Kiwis living off the grid say nature will provide all you need
Living self-sufficiently and off grid is to live a life embracing Mother Nature and all she has to offer. It might not always be easy but as this group of Kiwis living the off-grid life say, all you need is the sun, the rain the wind and, occasionally, a torch.
MOTHER NATURE PROVIDES
Dean Lee and his partner Dianne Penwarden quit the mines of Western Australia for the good life in the Marlborough Sounds.
For 10 years I used to eat breakfast with 200 other blokes while I was mining in Western Australia. Living remotely was just a pipe dream for a long time.
I bought some land in Crail Bay in the Marlborough Sounds five years back and moved onto it with my partner Dianne18 months ago.
We have 30 acres and run some cattle on the land. Our closest town is Blenheim 2½ hours away by car. We're lucky if we see one car a day pass by our place.
We don't get many visitors this far from town. But we love the quiet pace. Every morning we wake up to a choir of bellbirds and tui.
We started out living in a converted container on the land when we moved out here and we extend into our new house as we build it bit by bit.
The house is designed to be north facing for maximum sun. Our 15 solar panels and 24 batteries give us all the energy we need.
We have an eco-friendly fridge and freezer designed to run on solar power, a gas oven and a barbecue. Our water is gravity fed from a spring up in the hills above our land. We keep a big vegetable garden, hunt for wild deer and boar, and fish in the bay. We killed a cattle beast in the New Year. That'll keep us going for a good while.
Most of what we need comes from Mother Nature.
Going off grid was a pretty easy decision. It would have cost us $50,000 to get hooked up to the grid from here. That was about what it cost us to set up our alternative energy system.
And we just reckon, why buy power off a big company when you have the sun? Even on a cloudy day down here it charges our batteries.
There are not any downsides to living this way. Occasionally a storm might bring a tree down on the road but then we'll just chuck the chainsaw in the back of the ute and chop it up for firewood.
We're thinking of getting a boat which will allow us to get to Havelock in 40 minutes. For the meantime, we only bother going into town every two or three weeks for supplies.
We live a life of peace and quiet in a beautiful spot, living that pipe dream of mine.
A PLACE I BELONG TO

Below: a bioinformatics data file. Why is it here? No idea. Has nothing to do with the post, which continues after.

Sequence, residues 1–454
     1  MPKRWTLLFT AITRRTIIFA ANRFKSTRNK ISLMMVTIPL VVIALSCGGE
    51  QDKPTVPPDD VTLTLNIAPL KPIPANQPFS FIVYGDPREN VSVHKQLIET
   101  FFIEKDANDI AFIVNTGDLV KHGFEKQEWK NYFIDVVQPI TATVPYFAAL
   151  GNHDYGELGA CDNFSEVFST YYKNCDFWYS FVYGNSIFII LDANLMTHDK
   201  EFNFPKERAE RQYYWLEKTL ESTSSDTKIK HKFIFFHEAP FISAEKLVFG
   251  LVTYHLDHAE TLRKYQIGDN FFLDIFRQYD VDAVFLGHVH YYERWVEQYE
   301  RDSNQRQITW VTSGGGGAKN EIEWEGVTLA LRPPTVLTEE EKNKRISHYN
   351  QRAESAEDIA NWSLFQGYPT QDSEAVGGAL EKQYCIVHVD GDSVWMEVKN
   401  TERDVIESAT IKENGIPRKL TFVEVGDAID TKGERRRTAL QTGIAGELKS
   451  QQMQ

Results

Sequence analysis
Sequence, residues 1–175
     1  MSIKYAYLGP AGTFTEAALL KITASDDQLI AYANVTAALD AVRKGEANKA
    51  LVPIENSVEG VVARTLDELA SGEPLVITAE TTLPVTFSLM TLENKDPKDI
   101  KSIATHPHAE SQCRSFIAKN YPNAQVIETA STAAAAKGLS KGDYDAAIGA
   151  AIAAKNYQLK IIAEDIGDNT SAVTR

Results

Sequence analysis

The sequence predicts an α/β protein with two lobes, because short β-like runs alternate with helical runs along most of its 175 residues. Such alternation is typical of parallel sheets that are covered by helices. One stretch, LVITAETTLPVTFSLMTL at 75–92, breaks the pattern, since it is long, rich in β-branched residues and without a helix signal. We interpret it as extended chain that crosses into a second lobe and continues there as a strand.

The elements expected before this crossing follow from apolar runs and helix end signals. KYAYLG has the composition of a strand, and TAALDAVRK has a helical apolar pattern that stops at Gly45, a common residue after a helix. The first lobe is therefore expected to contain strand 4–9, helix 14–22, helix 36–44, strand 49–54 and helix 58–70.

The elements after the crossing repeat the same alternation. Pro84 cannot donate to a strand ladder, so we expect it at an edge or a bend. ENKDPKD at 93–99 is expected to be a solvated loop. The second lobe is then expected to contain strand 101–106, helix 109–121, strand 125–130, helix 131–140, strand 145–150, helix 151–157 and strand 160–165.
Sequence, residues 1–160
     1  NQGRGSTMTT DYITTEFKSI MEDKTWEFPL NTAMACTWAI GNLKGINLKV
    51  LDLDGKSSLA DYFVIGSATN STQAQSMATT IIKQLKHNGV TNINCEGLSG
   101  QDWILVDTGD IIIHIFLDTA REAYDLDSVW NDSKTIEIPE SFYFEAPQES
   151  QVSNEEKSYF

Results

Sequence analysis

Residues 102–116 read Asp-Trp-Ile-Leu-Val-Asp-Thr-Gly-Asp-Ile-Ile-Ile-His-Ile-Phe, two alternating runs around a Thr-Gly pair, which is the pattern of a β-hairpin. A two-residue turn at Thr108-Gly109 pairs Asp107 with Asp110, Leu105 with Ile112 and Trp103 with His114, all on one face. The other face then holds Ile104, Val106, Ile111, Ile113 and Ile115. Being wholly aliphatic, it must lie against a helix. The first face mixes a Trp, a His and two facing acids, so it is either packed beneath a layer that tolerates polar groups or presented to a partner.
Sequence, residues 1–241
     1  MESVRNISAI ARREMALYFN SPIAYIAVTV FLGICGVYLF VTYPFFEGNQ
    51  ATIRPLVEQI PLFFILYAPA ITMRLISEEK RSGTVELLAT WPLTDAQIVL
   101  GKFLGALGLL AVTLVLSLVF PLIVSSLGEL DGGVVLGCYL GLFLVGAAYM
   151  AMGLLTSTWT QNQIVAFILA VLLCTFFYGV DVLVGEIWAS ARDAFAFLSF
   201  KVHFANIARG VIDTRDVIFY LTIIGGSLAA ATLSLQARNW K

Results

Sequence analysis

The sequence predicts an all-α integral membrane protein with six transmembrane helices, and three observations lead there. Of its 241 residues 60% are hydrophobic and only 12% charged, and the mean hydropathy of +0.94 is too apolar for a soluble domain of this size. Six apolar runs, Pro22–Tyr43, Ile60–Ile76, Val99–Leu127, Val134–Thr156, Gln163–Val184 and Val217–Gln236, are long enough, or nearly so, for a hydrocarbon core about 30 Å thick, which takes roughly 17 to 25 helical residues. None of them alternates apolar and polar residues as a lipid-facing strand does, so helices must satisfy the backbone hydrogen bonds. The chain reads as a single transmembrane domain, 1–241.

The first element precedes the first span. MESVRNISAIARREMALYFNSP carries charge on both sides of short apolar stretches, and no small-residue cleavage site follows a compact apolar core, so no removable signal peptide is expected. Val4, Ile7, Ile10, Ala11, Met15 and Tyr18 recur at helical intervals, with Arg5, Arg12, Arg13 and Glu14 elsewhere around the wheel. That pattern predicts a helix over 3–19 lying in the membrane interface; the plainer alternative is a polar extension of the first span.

Liz Brook, a former Dominion photographer, lives off-grid on a farm in Feilding.
I chose to live using alternative energy because I suppose I've always been a bit "off grid" myself.
On a trip to the United States in the early 1980s I saw an amazing house that was totally self-sufficient which really inspired me to do the same one day.
That house was in Beverly Hills and had all the bells and whistles.
My dream house was a little more modest. In 1988 I bought a small 69-hectare farm near Feilding in the Manawatu. I still had an idea that I would be on the grid, but would mostly run the house on alternative power. As it turned out it was going to cost more than $15,000 to run the electricity to the house, so the decision was made. I would go totally off grid.
Luckily I came across a solar power idealist in Palmerston North who was about to move to Auckland, and was willing to sell his equipment to me for a very good rate.
There was no house on the farm, so over the next nine years I had it built stage by stage as money came in. I literally camped in a woolshed on the property until the house was finished.
My alternative energy is run on 12 solar panels, a small marine wind turbine and 12 deep-cycle batteries. I use "sky juice" for my water supply. Basically, everything is powered by the sun, the wind and the rain.
I have an extra low energy fridge made in Denmark, and a low energy washing machine. I use a wood fired stove for cooking. I usually get someone else to cut my firewood but when push comes to shove I'll do it myself. There are plenty of trees on the property that provide fuel.
I have a composting toilet, and there are two long drop toilets in the garden.
I can truly say my house is warm in winter and cool in summer.
The cost to power my house on alternative energy over the years has been minimal. I have no real idea, but every now and again I have to spend money on new batteries, or a new inverter, but really it is a lot less than paying a monthly electricity account. Some of my friends are paying upwards of $600 a month. That would just cripple me financially.
People thought I was a bit mad to live off grid, but with frequent power cuts up here and the cost of electricity from the grid, I'd say I'm not the one who's mad.
I do have to maintain my equipment to keep it all working. I clean my solar panels every three months and I have to make sure I top up my batteries.
In the early days I was not so organised. I'd be sitting there watching TV and suddenly the lights would go out and I'd have to reach for the torch.
I am hyper-aware of the need to conserve energy. I even turn off my fridge at night in the winter. I have to educate my friends who come to stay to turn off lights and other equipment when they leave a room.
I'm 75 now and lease much of my land to a farmer who has more energy and strength than I do, but I am still reasonably self-sufficient growing my own vegetables all year round, and I farm a few sheep and goat for meat.
There are days when I think about alternatives to living here. Trouble is, when I arrived this place was just a paddock. Now it's a home, a lovely garden and a place I feel I belong.
HARD TIMES, HAPPY PLACE
An off grid home ensconced in remote bush in the Far North is a work in progress for writer Polly Greeks and her husband James McLean.